Part 6, ”Rise Up and Call Their Names,” follows the participants of the recent Interfaith Pilgrimage, who over two years walked from Massachusetts to Florida, then made their way to the Caribbean and on to Africa.
Underscored by music ranging from spirituals sung by scratchy-voiced septugenarians to jazz, the series blends interviews, archival footage, letters, paintings, drawings, and recreated scenes. Some of those scenes seem amaturish, the actors too young or modern-looking for their parts.
But elsewhere, there is a painterly quality to some of the shots that lifts the series above the traditional documentary: a staircase in shadow, with light pouring in from the outside, or a farm at dawn, wreathed in mist. Even the talking heads — scholars (including the animated, impish Cornel West, now at Princeton), biographers, preservationists, and clergy — are attractively filmed, with gleaming church pews or home settings in the background.
Hampton produced other series on such subjects as the Great Depression, Malcolm X, and America’s War on Poverty. In all of them, accuracy was of vital importance to him, and he laid down a template for scholars and producers working with him, says Cross. ”You would sit in a room with the scholars and ask them what should be in the film. Every piece of narration had to have two fact-checked sources.”
This latest series encountered serious roadblocks before finally reaching a breakthrough.
After Hampton’s death in 1998, Blackside foundered when his two sisters, Veva Zimmerman and Judi Hampton, who had no filmmaking experience, took it over. Many longtime employees, loyal to his vision of doing hard-hitting films on social-justice issues, left after the sisters decided to make corporate films as well.
Eighteen months ago, the nearly completed ”Faith” project was stalled. Vendors and staff went unpaid, the $4.9 million that had been raised for the film was gone, and additional funding was hard to raise.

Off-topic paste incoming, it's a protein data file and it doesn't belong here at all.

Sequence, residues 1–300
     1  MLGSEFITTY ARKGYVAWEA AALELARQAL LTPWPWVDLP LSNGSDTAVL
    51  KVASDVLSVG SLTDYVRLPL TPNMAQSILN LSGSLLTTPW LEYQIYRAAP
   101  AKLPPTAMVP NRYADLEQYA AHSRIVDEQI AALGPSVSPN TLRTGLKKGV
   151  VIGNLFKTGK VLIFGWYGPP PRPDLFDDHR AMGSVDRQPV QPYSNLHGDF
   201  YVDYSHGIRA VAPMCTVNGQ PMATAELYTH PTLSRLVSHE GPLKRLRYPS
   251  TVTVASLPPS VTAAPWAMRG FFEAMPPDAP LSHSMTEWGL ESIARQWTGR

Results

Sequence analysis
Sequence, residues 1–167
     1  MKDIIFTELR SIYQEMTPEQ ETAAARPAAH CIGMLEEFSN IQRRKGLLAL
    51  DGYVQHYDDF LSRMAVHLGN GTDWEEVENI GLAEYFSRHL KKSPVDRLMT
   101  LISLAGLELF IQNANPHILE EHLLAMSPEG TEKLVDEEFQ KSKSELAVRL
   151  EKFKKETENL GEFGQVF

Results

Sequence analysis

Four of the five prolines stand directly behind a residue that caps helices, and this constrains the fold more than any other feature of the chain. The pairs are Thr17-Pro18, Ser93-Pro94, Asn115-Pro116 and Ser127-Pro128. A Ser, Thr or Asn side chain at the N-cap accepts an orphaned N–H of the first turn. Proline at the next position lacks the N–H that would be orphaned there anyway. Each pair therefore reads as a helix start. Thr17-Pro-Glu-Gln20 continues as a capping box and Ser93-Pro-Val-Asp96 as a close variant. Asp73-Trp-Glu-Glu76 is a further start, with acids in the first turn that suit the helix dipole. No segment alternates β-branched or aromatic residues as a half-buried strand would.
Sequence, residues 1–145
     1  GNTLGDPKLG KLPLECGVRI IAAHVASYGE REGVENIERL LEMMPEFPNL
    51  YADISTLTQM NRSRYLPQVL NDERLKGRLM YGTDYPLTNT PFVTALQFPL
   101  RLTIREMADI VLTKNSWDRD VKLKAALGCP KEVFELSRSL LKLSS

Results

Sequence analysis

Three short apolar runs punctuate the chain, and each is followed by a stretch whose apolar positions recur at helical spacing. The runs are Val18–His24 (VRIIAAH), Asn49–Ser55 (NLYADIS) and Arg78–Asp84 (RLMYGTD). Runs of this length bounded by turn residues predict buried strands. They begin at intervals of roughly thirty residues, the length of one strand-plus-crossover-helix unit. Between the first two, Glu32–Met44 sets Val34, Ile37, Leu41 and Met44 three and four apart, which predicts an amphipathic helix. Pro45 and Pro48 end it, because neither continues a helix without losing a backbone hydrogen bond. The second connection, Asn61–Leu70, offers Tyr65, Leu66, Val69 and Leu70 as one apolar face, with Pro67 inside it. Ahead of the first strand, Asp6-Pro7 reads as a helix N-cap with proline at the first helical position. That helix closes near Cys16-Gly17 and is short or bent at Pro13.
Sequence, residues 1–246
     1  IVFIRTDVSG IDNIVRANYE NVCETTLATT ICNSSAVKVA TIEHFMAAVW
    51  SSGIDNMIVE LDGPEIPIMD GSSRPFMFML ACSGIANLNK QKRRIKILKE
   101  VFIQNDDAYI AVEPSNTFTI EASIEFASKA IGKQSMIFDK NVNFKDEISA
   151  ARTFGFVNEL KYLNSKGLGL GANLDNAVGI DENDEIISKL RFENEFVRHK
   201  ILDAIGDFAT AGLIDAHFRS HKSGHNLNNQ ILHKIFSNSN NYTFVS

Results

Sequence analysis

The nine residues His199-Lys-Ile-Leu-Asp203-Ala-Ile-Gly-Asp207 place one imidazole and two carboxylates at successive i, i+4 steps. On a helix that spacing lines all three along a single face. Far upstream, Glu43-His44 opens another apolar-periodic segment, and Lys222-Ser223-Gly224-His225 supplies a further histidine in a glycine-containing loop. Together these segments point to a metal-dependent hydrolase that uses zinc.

Cross didn’t want to let ”Faith” stay in limbo. Neither did others, who felt so strongly that Hampton’s last series should get aired that they worked for little or no pay. A year ago, Cross formed a separate corporation, The Faith Project, to complete the series.
”Questions had been raised about Blackside’s ability to finish the project,” she explains from New York, where she is a visiting assistant professor of journalism at Columbia University. ”I thought if I raised the money myself and managed the project though a separate entity, the questions would disappear. My objective was just to get the show on the air.”
Funding ultimately came through, from governmental sources and large funders such as the Annie E. Casey Foundation, the Corporation for Public Broadcasting, and the Ford Foundation. Cross raised $650,000 and finished the film. In the end, it was coproduced by Blackside and The Faith Project, in association with the Independent Television Service.
”I am beyond pleased that the series was completed,” says Judi Hampton, Blackside’s president. ”My hat goes off to everyone concerned. We are just so proud of it, and I know that Henry would be also.”
”We at ‘GBH felt there was an electricity surrounding the project,” says Marita Rivero, the executive in charge of this series for WGBH. ”This was one of those media projects that excited people, and they were willing to go the extra mile to see that it got aired.”
”This Far by Faith” ended up being a journey of faith itself.
”When I sent out a letter to the board of advisors [of the project] saying we had an air date,” Cross remembers, laughing, ”the first line read, `We’ve been wandering in the wilderness for a long time, but we have an air date.’ ”
”This Far by By Faith” airs on WGBH in two-part segments over three consecutive nights, Tuesday through Thursday, 9-11 p.m. For more information, visit www.pbs.org/thisfarbyfaith.